Oh yeah and do you have a link for that comment section? They seem to have some different conspiracy theories over there than the ones I’ve read here. Smoking Dimwit is still pushing the 9/11 nonsense.

#23 Pre-Retiree on 08.01.14 at 5:17 pm

Great post again.
However, this conversation about HAM is getting tedious. No matter how much needed money is brought into Canada by foreigners, it does not provide an excuse for Canadians to spend their money foolishly, for example, in real estate at peak in a low interest environement, in things they don’t need, and in underwater car loans. I hope this subject dies soon.

#24 Deep Blue on 08.01.14 at 5:26 pm

Vancouver – its Canada Miami Beach, with Asians replacing Latinos, both who think they’ve found paradise. But for the people who grew up there, it makes you wonder what they see that you don’t. It’s worth a couple of million to have a box in the sky – glad you think so, cause the only point of the place now is to sell RE to people like you.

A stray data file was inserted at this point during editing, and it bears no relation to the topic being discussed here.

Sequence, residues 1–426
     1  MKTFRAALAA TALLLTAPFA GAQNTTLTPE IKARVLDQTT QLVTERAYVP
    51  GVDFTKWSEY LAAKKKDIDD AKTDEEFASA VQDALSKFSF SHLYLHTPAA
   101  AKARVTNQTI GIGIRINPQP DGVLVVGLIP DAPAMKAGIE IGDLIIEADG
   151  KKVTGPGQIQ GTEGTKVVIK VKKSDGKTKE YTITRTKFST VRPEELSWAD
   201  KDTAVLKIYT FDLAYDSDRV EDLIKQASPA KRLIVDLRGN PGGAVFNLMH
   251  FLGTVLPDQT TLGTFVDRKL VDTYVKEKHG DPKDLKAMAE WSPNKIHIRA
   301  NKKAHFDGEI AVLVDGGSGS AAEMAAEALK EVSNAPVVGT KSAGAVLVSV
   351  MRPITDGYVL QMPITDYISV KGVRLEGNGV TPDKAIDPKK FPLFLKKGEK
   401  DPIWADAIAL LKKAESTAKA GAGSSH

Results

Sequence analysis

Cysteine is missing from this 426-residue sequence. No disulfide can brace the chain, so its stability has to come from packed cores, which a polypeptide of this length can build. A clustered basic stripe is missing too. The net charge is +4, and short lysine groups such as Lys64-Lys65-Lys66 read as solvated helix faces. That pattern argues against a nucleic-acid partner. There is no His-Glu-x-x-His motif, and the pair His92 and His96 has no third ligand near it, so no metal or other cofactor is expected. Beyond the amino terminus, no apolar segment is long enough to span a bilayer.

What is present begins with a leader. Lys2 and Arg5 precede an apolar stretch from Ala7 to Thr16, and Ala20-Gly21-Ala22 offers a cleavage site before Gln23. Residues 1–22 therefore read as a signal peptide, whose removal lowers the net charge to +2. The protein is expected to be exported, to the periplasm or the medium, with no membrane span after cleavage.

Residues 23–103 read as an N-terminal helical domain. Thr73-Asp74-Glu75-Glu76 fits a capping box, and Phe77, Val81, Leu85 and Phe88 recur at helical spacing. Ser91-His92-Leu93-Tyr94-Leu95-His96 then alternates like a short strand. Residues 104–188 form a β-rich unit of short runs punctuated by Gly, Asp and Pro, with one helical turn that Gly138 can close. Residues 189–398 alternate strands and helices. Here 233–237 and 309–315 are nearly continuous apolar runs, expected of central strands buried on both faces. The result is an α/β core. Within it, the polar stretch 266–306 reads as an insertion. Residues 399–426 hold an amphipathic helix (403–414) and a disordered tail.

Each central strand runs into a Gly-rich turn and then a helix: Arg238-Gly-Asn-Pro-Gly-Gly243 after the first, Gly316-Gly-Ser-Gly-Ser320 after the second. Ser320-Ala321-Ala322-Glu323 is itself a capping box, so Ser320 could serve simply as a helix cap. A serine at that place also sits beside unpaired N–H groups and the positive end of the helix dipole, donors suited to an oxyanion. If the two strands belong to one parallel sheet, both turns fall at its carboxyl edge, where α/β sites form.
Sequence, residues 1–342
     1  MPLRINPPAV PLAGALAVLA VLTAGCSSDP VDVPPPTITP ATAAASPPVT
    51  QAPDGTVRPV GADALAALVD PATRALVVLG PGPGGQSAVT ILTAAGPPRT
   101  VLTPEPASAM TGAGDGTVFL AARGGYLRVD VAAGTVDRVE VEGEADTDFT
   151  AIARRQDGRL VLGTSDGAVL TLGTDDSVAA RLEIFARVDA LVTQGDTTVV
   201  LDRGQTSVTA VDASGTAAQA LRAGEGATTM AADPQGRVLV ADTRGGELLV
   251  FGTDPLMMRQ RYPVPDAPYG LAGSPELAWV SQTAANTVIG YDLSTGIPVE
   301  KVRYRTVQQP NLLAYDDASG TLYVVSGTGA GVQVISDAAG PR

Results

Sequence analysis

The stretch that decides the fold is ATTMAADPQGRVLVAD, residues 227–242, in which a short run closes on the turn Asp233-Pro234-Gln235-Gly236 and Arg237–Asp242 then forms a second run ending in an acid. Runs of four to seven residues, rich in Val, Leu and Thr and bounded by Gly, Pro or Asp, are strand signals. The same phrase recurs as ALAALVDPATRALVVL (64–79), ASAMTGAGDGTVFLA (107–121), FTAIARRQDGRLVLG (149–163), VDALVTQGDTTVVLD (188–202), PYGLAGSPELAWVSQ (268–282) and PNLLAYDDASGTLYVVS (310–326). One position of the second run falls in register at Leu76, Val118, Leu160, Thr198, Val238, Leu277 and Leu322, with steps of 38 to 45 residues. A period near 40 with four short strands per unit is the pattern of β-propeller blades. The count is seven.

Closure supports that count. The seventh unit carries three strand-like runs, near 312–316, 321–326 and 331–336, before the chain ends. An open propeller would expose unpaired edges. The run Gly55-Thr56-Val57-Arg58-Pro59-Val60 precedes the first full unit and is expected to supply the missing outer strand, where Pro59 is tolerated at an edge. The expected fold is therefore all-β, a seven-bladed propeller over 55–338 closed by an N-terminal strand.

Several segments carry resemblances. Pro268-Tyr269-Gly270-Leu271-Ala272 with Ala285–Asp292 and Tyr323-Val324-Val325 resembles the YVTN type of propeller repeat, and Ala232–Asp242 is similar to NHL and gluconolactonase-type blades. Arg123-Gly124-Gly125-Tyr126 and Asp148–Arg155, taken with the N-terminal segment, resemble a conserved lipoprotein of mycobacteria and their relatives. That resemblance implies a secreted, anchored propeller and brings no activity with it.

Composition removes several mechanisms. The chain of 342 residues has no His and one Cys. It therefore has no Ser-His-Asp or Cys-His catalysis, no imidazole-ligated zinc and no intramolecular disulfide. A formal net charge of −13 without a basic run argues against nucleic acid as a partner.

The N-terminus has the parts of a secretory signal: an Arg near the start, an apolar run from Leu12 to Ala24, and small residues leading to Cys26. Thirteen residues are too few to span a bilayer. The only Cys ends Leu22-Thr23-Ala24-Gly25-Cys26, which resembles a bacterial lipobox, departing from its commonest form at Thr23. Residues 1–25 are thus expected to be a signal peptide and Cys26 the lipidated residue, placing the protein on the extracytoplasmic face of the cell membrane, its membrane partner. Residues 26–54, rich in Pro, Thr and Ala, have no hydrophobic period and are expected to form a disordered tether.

#25 debtified on 08.01.14 at 5:30 pm

When the cost of an equally livable sailboat with the same square footage in Vancouver is cheaper than a condo you know you have a problem. Purchase price is lower (imagine that!), moorage fee is practically the same as condo fee and there is no property tax. Plus you can change your waterfront view as you wish. Once this boom turns into a bust, one could argue that a condo depreciated more than a boat.

I have seen this boom start in the early 2000s as my view of Coal Harbour from the other side of West Georgia was slowly blocked out by the new condos. This is not the fault of foreigners. This is the fault of Canadians.

I like my changing views these days. This long weekend it’ll be the Sunshine Coast out my window.

#26 mic on 08.01.14 at 5:39 pm

@16 High Plains Drifter

“Cognitive dissidence” or ” cognitive dissonance”? I’m pretty sure you meant the latter but it would probably be wise not to use the former in the wrong context.

Cringe. ;-)

#27 Nomad on 08.01.14 at 5:40 pm